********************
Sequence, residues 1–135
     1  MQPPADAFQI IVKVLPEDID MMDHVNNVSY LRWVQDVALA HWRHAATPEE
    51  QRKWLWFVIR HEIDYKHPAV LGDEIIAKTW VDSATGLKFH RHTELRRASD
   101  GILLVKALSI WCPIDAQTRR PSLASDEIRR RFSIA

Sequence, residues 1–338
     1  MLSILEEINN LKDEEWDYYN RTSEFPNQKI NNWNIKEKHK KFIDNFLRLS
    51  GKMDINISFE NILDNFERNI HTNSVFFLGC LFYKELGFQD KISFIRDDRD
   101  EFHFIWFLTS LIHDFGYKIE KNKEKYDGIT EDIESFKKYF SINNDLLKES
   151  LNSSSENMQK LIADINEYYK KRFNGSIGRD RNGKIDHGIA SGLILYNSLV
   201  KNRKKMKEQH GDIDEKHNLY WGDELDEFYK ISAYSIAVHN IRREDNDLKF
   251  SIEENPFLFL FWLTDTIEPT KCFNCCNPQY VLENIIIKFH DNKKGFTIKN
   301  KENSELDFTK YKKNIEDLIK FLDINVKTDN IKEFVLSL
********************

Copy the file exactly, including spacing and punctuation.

Sequence, residues 1–135
     1  MQPPADAFQI IVKVLPEDID MMDHVNNVSY LRWVQDVALA HWRHAATPEE
    51  QRKWLWFVIR HEIDYKHPAV LGDEIIAKTW VDSATGLKFH RHTELRRASD
   101  GILLVKALSI WCPIDAQTRR PSLASDEIRR RFSIA

Sequence, residues 1–338
     1  MLSILEEINN LKDEEWDYYN RTSEFPNQKI NNWNIKEKHK KFIDNFLRLS
    51  GKMDINISFE NILDNFERNI HTNSVFFLGC LFYKELGFQD KISFIRDDRD
   101  EFHFIWFLTS LIHDFGYKIE KNKEKYDGIT EDIESFKKYF SINNDLLKES
   151  LNSSSENMQK LIADINEYYK KRFNGSIGRD RNGKIDHGIA SGLILYNSLV
   201  KNRKKMKEQH GDIDEKHNLY WGDELDEFYK ISAYSIAVHN IRREDNDLKF
   251  SIEENPFLFL FWLTDTIEPT KCFNCCNPQY VLENIIIKFH DNKKGFTIKN
   301  KENSELDFTK YKKNIEDLIK FLDINVKTDN IKEFVLSL